It was only in 2008 that the Endocrine Society approved puberty suppressors as a treatment for transgender adolescents as young as 12 years old. The society, with members in more than 100 countries, has since declared that the intervention appears to be safe and effective.  In 2011 the World Professional Association for Transgender Health, also issued Standards of Care for the treatment of patients with gender dysphoria, which include puberty suppression.

There are few reported side effects to this off-label use of sex hormone suppressors. Despite early concerns that blocking sex hormones might harm bone development, a recent study from the Netherlands found no evidence of long-term effects on bone mineral density. If the suppressors are halted, puberty resumes as if there had been no treatment.

Data on the use of puberty blockers is scarce, but in the past decade or so, it’s believed thousands of transgender youth and their families have chosen to suppress puberty to give adolescents a time-out while they figure out the next step in their development.

A St. Louis, Missouri, child was classified as female at birth, one of a set of twin girls. But the parents had been discussing puberty blockers with him since he was seven years old, after he had begun dressing as a boy and showing more masculine traits.

“I remember watching a documentary where he learned what blockers were and we talked about it and he was sure that’s what he wanted when the time came,” said his mother, who also asked that the family’s names not be used to protect her child’s privacy.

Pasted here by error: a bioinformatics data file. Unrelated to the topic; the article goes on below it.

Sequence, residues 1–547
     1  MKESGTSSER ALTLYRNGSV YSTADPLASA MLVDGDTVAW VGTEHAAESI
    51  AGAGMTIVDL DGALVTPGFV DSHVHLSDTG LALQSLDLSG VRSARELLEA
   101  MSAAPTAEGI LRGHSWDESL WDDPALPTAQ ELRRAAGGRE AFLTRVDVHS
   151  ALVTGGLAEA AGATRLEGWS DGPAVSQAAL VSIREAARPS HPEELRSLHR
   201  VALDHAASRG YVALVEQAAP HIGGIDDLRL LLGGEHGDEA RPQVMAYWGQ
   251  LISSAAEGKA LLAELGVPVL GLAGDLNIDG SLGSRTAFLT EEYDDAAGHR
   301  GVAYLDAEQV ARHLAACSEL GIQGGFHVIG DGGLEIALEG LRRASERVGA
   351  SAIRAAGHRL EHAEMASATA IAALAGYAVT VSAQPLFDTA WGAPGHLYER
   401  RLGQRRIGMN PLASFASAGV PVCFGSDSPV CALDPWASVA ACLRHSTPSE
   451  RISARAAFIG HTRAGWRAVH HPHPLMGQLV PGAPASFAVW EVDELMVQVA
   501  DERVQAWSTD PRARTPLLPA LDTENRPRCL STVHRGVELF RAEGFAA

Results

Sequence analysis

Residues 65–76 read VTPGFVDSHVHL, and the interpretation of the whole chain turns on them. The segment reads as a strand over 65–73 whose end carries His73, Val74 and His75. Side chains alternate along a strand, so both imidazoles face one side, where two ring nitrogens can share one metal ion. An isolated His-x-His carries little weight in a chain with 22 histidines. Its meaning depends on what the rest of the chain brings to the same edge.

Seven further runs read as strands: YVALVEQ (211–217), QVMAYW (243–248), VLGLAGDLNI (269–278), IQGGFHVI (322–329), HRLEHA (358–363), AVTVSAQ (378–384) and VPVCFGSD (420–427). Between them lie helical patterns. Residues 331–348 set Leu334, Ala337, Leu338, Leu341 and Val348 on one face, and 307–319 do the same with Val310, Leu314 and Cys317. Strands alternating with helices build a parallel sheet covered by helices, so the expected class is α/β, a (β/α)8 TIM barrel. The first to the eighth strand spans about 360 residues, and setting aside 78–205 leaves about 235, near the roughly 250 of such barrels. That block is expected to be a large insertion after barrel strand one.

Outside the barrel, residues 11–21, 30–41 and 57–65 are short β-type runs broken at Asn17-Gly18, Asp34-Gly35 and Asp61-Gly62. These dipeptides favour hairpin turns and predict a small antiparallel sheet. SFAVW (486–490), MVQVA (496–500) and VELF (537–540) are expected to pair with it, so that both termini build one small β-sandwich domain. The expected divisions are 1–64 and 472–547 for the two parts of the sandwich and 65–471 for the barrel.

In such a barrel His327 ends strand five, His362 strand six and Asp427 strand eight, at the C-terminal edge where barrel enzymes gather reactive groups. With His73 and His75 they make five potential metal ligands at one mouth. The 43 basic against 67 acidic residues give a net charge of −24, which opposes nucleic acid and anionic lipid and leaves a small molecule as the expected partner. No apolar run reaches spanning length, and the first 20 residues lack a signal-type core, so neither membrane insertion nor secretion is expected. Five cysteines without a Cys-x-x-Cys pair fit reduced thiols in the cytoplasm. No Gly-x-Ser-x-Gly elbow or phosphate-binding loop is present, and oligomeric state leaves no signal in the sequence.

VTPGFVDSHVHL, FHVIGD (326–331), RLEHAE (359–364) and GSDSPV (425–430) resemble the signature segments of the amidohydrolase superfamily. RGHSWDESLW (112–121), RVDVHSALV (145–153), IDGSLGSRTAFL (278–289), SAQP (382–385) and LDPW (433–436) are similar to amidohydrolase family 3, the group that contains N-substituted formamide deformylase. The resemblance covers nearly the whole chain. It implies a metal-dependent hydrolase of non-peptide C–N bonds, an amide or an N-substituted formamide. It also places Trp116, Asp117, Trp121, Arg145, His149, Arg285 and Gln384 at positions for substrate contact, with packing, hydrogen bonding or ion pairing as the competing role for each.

“As soon as he got breast buds, it was like the panic button was hit,” the mother said. “He was quickly and very intensely uncomfortable and afraid. He would cry, knowing that this was the beginning of something that he didn’t want, that he knew wasn’t right for him,” she said.

In March, after the boy turned 11, a pediatric endocrinologist prescribed the sex hormone suppressor Eligard, an injection that he receives every four months. According to his mother, because they intervened early, the unwanted breast buds receded quickly, along with her son’s depression and anxiety.

“I don’t know what we would have done if we were not able to stop puberty so he doesn’t have to feel in constant conflict with his own body,” she said.

So far, according to the mother, the biggest problem their family has faced has been trying to get insurance coverage for her son’s treatment. She said they have been lucky to obtain the injections at cost — $500 per shot — rather than the $1,500 to $2,000 per shot that the therapy typically costs. Her husband’s employer, which self-funds its medical insurance plan, chose a clause that excludes transgender care.